Hand in hand with a larger disability rights movement in the 1970s, SFF helps seed fund organizations, including the Center for Independent Living, working to support people living with disabilities. For example, in 1979, SFF awards grants to help people with hearing disabilities in Oakland, as well as to Horizon House, an assisted living center for adults living with cognitive disabilities.
Soon after the California Legislature votes to restrict Medi-Cal funding for abortion, SFF issues a $50,000 grant to Planned Parenthood of Alameda and San Francisco counties to help people with low incomes obtain early abortions.
SFF launches the Koshland Civic Unity Fellowship Program in memory of Daniel E. Koshland Sr. The program empowers fellows in specific neighborhoods to reshape their communities for the better. As of 2022, more than 500 Koshland Fellows have brought creativity, vision, and passion to more than 30 neighborhoods since the program’s founding.
Thanks in part to an anonymous gift to establish a blue-ribbon Housing Task Force, SFF establishes BRIDGE, the Bay Area Residential Investment & Development Group, to produce quality affordable housing. By 1983, SFF earmarks a total of more than $1 million for BRIDGE. Today, BRIDGE continues to be a leading nonprofit developer of affordable housing in California and beyond.
Under tremendous community pressure, SFF petitions to modify the Buck Trust, the largest gift the foundation has received to date and one whose value has unexpectedly skyrocketed. The gift carries the stipulation that grants from the trust serve only Marin County, leaving SFF in the position of issuing millions in grants per year to one of the wealthiest counties in the nation. SFF’s petition requests that part of the Buck funds be made available to other Bay Area counties, where needs are greater. Two years later, SFF loses the petition and the trust’s administration is transferred to the Marin Community Foundation.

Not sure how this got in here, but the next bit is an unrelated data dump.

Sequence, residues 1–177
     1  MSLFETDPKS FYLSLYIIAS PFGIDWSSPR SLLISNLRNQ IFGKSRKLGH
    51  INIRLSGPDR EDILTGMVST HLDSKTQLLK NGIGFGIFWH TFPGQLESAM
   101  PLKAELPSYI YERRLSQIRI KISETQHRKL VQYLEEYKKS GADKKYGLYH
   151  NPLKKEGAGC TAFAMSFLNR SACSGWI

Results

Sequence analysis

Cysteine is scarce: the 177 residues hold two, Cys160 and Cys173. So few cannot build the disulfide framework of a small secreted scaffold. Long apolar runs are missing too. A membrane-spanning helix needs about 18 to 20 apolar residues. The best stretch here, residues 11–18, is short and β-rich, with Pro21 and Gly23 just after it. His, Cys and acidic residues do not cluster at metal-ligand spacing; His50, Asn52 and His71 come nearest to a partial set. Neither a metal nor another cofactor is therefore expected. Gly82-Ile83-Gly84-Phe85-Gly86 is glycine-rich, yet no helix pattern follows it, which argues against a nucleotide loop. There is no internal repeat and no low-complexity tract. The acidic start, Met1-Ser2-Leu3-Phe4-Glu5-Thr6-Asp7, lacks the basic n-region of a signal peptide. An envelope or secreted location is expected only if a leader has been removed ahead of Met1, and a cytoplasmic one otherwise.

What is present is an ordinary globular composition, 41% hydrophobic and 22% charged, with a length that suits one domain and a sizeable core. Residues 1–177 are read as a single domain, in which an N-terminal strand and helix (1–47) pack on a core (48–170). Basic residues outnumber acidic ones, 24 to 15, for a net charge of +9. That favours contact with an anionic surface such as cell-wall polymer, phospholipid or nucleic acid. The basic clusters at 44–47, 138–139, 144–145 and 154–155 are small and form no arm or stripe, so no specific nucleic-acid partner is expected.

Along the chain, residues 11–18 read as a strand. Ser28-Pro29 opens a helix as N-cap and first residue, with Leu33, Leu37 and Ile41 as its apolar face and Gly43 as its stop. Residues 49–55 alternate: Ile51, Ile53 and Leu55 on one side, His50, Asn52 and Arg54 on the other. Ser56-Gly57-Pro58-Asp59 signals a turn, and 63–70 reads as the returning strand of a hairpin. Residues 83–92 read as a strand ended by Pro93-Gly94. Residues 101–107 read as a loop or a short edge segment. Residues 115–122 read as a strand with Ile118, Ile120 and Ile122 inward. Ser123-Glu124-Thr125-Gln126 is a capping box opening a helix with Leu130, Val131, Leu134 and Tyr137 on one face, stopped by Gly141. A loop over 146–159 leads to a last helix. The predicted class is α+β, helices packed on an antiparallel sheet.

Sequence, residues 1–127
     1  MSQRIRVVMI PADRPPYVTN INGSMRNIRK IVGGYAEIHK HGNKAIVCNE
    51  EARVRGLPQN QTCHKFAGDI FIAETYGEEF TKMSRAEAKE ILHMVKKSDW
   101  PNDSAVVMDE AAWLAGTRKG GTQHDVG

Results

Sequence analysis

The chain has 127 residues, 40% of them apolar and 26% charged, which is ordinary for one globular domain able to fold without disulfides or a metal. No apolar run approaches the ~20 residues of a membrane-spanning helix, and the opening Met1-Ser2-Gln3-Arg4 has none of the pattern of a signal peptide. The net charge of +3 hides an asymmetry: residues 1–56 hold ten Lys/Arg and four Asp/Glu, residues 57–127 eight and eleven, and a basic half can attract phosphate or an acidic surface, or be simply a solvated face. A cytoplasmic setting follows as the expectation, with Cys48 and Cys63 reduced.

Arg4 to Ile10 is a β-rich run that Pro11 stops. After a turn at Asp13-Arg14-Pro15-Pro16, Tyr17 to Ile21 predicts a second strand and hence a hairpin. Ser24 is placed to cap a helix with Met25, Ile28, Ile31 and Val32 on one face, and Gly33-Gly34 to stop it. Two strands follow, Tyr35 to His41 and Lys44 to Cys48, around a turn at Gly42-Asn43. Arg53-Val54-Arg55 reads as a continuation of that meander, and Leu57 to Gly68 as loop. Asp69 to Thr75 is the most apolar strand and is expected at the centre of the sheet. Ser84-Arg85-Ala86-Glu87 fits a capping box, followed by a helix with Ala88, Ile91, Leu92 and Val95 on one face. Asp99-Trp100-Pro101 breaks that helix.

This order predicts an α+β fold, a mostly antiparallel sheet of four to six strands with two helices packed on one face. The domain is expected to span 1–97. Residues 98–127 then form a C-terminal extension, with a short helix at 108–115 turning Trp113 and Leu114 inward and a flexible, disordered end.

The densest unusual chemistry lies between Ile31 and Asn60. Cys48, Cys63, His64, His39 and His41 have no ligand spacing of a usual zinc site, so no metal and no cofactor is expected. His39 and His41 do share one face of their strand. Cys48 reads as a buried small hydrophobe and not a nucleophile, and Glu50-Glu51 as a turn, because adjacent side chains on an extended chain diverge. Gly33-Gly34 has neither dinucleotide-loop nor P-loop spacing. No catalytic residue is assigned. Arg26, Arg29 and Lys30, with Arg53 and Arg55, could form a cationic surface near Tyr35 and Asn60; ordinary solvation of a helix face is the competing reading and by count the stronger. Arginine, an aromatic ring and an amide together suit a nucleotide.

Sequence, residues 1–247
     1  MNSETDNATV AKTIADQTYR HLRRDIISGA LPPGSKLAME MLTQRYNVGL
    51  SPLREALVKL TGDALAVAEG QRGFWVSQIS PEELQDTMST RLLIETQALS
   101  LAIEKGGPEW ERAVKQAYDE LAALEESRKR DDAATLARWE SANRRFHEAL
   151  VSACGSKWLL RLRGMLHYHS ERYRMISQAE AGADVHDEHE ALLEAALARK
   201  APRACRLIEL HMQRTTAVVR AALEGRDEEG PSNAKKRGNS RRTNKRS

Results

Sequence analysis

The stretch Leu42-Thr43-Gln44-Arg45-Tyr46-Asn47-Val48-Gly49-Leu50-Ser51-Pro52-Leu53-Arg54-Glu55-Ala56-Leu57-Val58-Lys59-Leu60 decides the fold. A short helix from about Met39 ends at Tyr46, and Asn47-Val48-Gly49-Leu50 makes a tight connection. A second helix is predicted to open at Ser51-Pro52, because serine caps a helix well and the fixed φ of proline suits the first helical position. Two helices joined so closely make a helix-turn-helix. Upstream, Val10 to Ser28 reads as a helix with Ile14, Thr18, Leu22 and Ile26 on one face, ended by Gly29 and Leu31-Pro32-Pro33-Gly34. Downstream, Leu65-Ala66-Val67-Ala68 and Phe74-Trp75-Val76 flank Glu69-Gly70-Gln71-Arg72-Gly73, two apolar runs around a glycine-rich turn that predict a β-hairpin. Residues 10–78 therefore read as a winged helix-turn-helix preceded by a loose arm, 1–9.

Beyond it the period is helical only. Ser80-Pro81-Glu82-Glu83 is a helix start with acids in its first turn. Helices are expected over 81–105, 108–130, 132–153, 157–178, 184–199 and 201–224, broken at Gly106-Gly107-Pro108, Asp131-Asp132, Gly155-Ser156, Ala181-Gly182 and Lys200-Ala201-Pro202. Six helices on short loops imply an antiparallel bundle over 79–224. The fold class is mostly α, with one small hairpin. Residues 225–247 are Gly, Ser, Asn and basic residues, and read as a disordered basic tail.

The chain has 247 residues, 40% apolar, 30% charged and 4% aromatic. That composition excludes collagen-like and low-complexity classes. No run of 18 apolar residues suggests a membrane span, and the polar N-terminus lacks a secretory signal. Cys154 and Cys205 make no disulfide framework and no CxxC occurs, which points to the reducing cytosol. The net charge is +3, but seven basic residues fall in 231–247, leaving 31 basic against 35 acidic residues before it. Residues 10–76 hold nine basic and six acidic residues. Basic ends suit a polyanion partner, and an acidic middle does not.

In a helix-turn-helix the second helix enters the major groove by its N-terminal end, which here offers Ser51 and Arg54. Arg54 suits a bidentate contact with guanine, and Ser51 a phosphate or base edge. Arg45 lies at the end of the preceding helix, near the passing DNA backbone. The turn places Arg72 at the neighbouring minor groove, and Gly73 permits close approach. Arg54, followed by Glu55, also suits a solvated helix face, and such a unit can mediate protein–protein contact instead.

1980s Partner Spotlight
SFF helps combat the AIDS crisis through targeted grants and support. Our first grant is a 1983 distribution to the AIDS/Kaposi’s Sarcoma Research and Education Fund. By 1989, we make more than 26 grants, totaling more than $500,000, to AIDS-related causes.
Robert M. Fisher, the former mayor of Lafayette, California, and former president of John F. Kennedy University, succeeds Martin Paley to become SFF’s new director.